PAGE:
Thursday, September 02, 2004

Lunatics for Proliferation 

Do stories like this ever make the military and foreign-policy geniuses of the Bush administration wish they hadn't squandered their last puny scrap of moral capital by A) unilaterally withdrawing from the ABM treaty; B) funding the development of a new generation of "bunker-busting" tactical nuclear weapons ("vital to defending the U.S. against emerging threats posed by terrorist groups . . . against countries -- including Iraq -- believed to be acquiring and concealing weapons of mass destruction for potential use in terrorist attacks"); and then C) withdrawing support for the inspection-and-verification provisions of the international treaty to curtail production of weapons-grade nuclear materials?
South Korean government scientists secretly enriched uranium to nearly bomb-grade levels in experiments conducted four years ago, officials in Seoul and Vienna acknowledged yesterday, as the International Atomic Energy Agency announced it had launched a major investigation of the country's programs and nuclear technologies.

U.S. officials, speaking on the condition of anonymity, said the United States had begun a separate inquiry into whether the scientists involved had trained at U.S. nuclear facilities as part of friendly exchange programs and whether the technology may have come from the United States years ago.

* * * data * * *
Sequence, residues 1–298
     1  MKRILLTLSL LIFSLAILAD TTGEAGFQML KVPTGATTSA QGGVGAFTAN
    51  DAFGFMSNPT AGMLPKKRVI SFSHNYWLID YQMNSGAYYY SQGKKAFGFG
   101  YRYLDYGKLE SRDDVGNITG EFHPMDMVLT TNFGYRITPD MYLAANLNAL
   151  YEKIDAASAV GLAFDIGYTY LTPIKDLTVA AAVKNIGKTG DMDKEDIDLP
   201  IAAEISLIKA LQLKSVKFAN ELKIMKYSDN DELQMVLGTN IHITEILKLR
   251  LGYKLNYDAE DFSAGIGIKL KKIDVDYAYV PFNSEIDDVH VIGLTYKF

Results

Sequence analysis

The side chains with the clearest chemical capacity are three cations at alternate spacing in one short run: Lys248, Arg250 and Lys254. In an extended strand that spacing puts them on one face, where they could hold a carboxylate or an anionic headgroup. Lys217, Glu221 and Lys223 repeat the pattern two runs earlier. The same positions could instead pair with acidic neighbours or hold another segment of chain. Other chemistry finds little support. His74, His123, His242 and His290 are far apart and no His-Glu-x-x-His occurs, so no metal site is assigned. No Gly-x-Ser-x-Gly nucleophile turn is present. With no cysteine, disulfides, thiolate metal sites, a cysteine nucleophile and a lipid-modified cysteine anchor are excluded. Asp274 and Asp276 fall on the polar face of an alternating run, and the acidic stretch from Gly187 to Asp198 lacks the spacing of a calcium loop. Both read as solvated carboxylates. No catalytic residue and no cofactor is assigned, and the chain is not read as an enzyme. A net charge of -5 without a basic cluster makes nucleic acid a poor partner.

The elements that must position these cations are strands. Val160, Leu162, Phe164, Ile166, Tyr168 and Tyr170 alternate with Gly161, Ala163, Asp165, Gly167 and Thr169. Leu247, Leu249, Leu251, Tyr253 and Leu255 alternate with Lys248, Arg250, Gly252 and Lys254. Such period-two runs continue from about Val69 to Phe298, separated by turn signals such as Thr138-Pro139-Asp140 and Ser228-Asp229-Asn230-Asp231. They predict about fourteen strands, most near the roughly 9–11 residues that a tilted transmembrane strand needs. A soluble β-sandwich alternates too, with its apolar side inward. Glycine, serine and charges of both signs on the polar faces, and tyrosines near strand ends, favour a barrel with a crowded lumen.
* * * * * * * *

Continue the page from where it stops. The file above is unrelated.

Experts and diplomats said revelations that a U.S. ally conducted secret nuclear work, in violation of the Nuclear Nonproliferation Treaty, could complicate efforts by the Bush administration to increase international pressure on Iran and North Korea, which are also accused of conducting clandestine programs.

The administration wants Iran referred to the U.N. Security Council for violating its commitments to the treaty. But South Korea, also a signatory to the treaty, could face the Security Council first, some diplomats said on the condition of anonymity . . . .

"Not only did they have an undeclared uranium-enrichment program, but they were actually making something close to bomb-grade, so you have to conclude someone wanted to develop a capability to make nuclear weapons," said David Albright, a former IAEA inspector and head of the Washington-based Institute for Science and International Security.

"This could not have come at a worse time for the Bush administration's efforts on both Iran and North Korea," said Jon Wolfsthal, a nonproliferation specialist at the Carnegie Endowment for International Peace. "Iran is going to say the U.S. is giving an ally a free pass, while the North Koreans are going to accuse the U.S. and the South of hypocrisy and warmongering."
The appalling part is, Iran and North Korea -- two of the scummier regimes on the planet -- will be absolutely right.

Anyone care to imagine how much safer the world will be after four more years of Bush?

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